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Writing for Us
A CurtainUp Review
By Elyse Sommer
Actually, given the four times faster than normal aging process of kids born with a disease called Progeria, Ms. Burke's sexagenarian appearance is just about right for sixteen-year-old Kimberly Levaco who is a Progeria victim. Having played key supporting roles in Fuddy Meers and Wonder of the World, also produced in New York at Manhattan Theatre Club, Burke is now Mr. Lindsay-Abaire's delightfully funny and heartwrenchingly tragic sweet sixteen heroine.
The fourth scene in in Kimberly Adkimbo's emotionally and generally superior second act, has a gasp inducing entrance by Miss Burke. In it Kimberly is transformed from her previous teen-aged persona into a genuine old lady in print dress and turban, a petit point bag in one hand and a cane in the other. This at once devastatingly funny and heartbreaking moment is indeed a coup de theatre. The getup is part of a madcap robbery scheme cooked up by Aunt Debra whose "You look like Rose Kennedy" evokes peals of laughter. That laughter dies in midair as this new image of Kimberly shocks us into understanding of her inevitable future -- and the inevitability of our own aging.
I agree with David Lohrey's assessment of Kimberly Akimbo as the strongest of the trio of plays in which Lindsay-Abaire uses his loopy humor to steer a group of eccentrics drowning in the sea of confusion known as modern life find their way to safer, happier harbors. This young playwright has a firm grasp on family relationships hanging together by a thread in working class communities like Secaucus -- which Kimberly's family fled for mysterious reasons -- and their new home, Bogota (a switch from the play's original and somewhat more upscale Teaneck). His mind is marvelously original. We've all heard remarks about precociously adorable babes being eight (months or years) going on eighty, but only this witty young playwright could run with such a remark and find a real disease to fit it and then turn it into a tragi-comedy.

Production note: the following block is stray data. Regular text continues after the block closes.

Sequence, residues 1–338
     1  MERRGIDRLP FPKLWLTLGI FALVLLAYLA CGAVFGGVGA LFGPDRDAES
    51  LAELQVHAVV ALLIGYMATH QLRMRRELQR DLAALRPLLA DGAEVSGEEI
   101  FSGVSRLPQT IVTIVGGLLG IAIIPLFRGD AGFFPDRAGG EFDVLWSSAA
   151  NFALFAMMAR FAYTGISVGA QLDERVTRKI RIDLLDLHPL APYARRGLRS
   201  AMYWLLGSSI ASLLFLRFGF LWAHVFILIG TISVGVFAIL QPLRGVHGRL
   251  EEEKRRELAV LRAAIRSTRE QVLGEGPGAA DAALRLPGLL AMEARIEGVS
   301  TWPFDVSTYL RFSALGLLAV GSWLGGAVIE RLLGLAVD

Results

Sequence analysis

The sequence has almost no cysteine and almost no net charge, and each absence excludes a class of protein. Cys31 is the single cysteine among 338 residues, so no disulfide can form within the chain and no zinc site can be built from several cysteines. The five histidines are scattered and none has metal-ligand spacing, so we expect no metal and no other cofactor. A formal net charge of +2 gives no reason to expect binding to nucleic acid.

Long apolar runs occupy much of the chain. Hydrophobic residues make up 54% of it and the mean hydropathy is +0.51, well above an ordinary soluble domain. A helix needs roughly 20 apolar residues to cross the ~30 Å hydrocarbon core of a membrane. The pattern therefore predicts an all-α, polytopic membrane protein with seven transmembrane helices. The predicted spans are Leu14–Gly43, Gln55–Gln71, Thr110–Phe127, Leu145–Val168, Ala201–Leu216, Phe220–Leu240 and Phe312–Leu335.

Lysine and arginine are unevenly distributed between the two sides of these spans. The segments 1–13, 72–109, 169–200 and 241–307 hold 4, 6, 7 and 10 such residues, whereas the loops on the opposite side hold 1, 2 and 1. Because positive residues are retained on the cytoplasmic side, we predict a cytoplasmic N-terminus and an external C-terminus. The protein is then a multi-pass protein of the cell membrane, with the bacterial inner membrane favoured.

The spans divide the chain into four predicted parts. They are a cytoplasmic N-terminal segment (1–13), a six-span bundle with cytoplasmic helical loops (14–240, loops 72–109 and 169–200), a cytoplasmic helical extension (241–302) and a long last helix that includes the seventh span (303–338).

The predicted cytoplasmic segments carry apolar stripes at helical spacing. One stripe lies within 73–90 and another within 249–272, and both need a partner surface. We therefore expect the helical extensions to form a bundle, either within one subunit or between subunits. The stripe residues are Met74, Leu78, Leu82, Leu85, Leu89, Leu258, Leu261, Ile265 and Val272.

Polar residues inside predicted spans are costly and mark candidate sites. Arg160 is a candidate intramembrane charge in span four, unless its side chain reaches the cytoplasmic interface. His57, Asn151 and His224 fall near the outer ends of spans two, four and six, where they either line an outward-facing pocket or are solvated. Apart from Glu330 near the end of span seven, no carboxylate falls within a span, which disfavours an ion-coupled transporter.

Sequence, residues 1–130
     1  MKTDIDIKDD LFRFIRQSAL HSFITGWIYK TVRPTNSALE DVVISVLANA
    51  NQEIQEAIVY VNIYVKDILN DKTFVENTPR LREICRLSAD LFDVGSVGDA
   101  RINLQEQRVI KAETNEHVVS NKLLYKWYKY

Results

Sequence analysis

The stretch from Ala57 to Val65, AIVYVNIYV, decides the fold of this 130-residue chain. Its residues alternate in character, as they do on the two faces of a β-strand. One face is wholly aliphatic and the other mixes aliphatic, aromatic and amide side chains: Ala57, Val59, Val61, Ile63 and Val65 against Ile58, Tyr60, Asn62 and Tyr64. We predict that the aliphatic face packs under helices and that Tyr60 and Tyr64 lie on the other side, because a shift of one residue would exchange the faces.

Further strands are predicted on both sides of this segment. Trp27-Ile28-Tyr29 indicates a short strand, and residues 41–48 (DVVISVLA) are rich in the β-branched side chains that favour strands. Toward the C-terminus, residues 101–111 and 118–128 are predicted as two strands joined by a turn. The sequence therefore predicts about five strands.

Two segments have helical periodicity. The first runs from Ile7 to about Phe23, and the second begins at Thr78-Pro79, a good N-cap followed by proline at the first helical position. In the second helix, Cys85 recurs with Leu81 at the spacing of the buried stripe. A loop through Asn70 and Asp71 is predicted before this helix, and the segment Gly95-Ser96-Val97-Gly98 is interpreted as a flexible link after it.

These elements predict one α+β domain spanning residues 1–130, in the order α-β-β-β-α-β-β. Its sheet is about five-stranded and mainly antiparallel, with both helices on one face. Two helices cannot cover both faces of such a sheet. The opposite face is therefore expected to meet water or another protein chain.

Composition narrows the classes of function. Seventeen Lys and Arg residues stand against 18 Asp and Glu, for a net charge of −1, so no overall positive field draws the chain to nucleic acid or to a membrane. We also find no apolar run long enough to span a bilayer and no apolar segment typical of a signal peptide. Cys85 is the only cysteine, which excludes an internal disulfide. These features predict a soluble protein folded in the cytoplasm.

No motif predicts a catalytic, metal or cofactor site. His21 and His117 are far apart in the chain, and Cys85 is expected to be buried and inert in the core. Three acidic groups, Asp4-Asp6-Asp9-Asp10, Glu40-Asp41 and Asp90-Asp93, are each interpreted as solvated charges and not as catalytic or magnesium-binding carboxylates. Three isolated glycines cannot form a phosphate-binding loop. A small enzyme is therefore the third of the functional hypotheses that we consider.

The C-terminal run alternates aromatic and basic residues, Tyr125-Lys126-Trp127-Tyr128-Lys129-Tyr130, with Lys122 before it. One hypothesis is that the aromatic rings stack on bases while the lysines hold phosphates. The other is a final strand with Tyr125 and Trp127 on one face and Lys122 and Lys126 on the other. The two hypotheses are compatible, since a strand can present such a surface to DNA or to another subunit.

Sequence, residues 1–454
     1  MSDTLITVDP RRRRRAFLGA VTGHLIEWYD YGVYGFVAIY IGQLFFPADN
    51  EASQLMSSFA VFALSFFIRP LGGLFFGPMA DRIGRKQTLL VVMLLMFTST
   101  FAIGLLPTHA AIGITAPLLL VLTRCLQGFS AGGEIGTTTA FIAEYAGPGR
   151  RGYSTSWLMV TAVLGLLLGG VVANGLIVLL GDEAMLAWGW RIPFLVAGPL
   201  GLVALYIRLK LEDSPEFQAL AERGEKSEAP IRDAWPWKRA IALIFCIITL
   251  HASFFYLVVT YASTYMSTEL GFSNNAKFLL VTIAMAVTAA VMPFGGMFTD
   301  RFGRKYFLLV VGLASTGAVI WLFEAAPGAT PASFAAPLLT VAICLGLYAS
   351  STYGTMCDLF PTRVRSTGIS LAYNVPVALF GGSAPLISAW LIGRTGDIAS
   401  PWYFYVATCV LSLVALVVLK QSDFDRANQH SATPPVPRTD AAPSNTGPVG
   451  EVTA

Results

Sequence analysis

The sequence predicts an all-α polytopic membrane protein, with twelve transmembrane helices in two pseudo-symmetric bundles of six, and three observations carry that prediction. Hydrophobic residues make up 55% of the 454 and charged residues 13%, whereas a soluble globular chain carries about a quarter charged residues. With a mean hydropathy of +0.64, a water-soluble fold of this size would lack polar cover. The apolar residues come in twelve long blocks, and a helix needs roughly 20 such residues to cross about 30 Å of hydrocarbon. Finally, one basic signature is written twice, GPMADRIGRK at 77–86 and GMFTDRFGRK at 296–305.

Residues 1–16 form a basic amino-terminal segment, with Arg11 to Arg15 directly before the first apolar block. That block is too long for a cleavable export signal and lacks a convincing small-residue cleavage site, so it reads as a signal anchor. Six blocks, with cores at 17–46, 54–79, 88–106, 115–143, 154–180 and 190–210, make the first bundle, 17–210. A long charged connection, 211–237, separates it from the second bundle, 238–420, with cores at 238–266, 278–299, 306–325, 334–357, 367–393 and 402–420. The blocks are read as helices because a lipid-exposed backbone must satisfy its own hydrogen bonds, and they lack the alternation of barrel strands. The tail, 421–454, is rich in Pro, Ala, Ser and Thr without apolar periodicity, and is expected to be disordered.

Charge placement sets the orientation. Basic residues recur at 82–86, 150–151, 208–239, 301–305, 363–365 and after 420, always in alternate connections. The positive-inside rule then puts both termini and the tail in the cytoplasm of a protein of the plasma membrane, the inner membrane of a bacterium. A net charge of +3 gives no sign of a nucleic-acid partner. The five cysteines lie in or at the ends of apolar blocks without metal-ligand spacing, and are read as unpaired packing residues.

Though Kimberly, unlike its predecessors, makes do with a cast of five instead of seven, there are plenty of quirks to go around and the dialogue bubbles with many memorably funny lines. The reliance on those quirks (mom's karpel tunnel, Aunt Debra's weird and often criminal behavior which includes dragging a U.S. mailbox across the stage, Kimberly's nerdy young friend's way with anagrams, dad's penchant for alcohol) tend to swamp the tragedy of the most tragic and more common ills afflicting family relationships: neglect and the inability to accept and value the less-than-perfect; to write off the ill or aged as dead while they're still desperate to be recognized and loved.
No doubt there are other actresses who could do Kimberly, but Mary Louise Burke would indeed be a hard act to follow and audiences are fortunate to see her reprising the part she created at the South Coast Rep premiere. Also, on board from that production, is the excellent John Gallagher as Jeff, the member of the "Junior Wordsmiths of America." whose final scene with Kimberly makes for one of the more tender first kisses exchanged on stage or screen.